Photographer Diego Huerta was living in the city of Santa Catarina in the state of Nuevo León in the country of Mexico when he realized he was living in close proximity to a reserved ecological zone called La Huasteca. Native Mexicans, known as Wirrarika or Wixáritari or Huichol, believed this particular territory represented the origin of the earth. As such, each year, the Wirrarika would journey from their homeland of Jalisco to Nuevo León to honor the space where the earth was born.
What followed is a narrative as devastating as it is expected. A man claimed to own land in the reserved ecological zone, the very land believed to be the origin of the earth. To prevent Mexico's native tribes from entering his land, he erected a gate. "When I read the news, I felt impotent," Huerta explained to The Huffington Post. "I also got angry. How was someone able to destroy sacred rituals that have lasted for thousands of years?"
Huerta began to research Wirrarika culture and soon realized just how little he knew. Even more startling was how little information was out there in general, and how few archival photographs existed. That was one detail Huerta knew he could change. "I am not an investigator, but I am a photographer, and I could document what they look like through my lens," Huerta said. He then embarked on the 14-hour journey to the mountains of Jalisco, to immerse himself fully in the indigenous culture, to experience their traditions, rituals and way of life. And document his experience, camera in tow.
This was how Huerta's photography series "Native Nations" got its start. After photographing the day-to-day life of Wirrarika culture, Huerta looked to other Mexican native peoples, whose stories are similarly unseen and unheard. "It is surprising that we have more than 57 native cultures [in Mexico] and we don’t know at least half of them. The information is nearly nonexistent."
Huerta's process is simple, yet demanding. First he locates a community he wishes to document and travels to their region. The complicated part, however, is gaining their trust and access into their world. Huerta is not interested in the commercial aspects of their existence, often revolving around the textile and food trades. He's more interested in their lives off the grid, in the time-trusted customs that set each nation apart from the rest. "I focus on being close to the places where they live to capture their essence," Huerta said.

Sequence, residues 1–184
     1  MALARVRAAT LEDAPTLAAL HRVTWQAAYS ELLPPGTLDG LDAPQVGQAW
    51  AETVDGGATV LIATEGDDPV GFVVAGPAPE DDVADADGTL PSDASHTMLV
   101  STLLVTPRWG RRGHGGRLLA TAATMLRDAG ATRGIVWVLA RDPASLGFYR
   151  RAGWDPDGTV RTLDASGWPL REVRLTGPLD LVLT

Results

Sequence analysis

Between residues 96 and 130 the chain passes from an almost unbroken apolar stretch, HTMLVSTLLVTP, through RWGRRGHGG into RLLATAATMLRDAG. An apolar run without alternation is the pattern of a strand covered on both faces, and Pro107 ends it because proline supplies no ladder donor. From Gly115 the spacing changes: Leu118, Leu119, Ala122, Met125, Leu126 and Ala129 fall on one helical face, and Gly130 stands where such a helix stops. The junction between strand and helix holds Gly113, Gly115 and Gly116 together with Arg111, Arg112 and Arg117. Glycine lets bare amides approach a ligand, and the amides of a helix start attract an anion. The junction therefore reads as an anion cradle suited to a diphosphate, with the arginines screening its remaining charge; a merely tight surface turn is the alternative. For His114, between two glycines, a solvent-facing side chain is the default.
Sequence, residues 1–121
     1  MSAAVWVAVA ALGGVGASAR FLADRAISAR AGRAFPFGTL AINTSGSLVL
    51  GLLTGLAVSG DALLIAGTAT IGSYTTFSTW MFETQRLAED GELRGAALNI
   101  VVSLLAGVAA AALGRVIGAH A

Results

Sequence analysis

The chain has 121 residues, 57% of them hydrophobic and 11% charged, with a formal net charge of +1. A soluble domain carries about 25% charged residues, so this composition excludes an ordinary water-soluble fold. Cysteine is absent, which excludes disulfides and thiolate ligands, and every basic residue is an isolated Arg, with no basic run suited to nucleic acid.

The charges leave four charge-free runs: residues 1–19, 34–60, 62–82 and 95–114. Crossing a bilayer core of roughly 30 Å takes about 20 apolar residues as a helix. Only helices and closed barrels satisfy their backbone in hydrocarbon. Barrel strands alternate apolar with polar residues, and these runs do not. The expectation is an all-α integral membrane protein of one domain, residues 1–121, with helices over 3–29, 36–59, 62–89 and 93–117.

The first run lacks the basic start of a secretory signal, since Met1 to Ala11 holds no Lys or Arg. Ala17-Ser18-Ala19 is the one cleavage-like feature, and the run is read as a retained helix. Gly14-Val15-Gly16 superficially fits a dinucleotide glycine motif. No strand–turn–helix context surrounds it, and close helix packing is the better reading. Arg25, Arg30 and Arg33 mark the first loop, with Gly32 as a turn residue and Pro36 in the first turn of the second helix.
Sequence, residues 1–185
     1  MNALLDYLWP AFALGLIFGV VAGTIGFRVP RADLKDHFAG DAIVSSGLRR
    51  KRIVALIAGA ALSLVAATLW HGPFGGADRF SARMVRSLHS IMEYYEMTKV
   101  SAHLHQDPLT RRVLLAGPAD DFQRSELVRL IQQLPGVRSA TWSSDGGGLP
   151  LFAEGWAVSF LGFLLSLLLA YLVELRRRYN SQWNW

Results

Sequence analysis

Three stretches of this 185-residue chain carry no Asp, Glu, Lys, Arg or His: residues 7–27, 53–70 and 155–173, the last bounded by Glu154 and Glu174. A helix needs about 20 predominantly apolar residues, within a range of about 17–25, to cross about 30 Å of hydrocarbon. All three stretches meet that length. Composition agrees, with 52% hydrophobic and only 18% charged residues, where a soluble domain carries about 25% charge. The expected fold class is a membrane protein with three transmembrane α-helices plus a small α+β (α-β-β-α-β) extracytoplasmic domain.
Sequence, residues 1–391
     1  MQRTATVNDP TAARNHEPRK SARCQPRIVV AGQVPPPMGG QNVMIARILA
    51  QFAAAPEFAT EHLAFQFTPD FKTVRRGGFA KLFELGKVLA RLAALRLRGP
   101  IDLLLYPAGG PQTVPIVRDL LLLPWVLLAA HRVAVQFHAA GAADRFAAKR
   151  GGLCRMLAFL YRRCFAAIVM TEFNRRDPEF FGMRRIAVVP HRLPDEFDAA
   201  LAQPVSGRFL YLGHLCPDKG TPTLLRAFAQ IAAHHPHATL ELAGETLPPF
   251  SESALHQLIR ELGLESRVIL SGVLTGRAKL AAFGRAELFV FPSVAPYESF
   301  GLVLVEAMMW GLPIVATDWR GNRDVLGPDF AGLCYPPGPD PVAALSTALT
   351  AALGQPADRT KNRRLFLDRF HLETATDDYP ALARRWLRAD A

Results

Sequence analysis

The artist equates his success with a single feat. "Communication is what makes us click," he expressed. "I share interest in what they do and I let them know that I am looking to learn more about them. After conversations and sharing silences, I earn their trust and that is when I am accepted by them. This is when I am able to portray them and therefore, able to tell their stories."
In brightly colored textiles, fur hides, feathered headdresses and body paint, Mexico's indigenous peoples speak volumes about their culture, history and lives without saying a word. Huerta's striking series shows the supernatural power of a camera to traverse distances and communicate volumes with just images.
"I hope that I am able to show the greatness of the native cultures through my photography," Huerta said. "The culture and history of Mexico relies on them. I also hope to make others conscious of the treasure that we have and what these cultures value. I hope that we can recognize and respect these cultures through my photography. They deserve it."
See Heurta's "Inside Oaxaca" series here.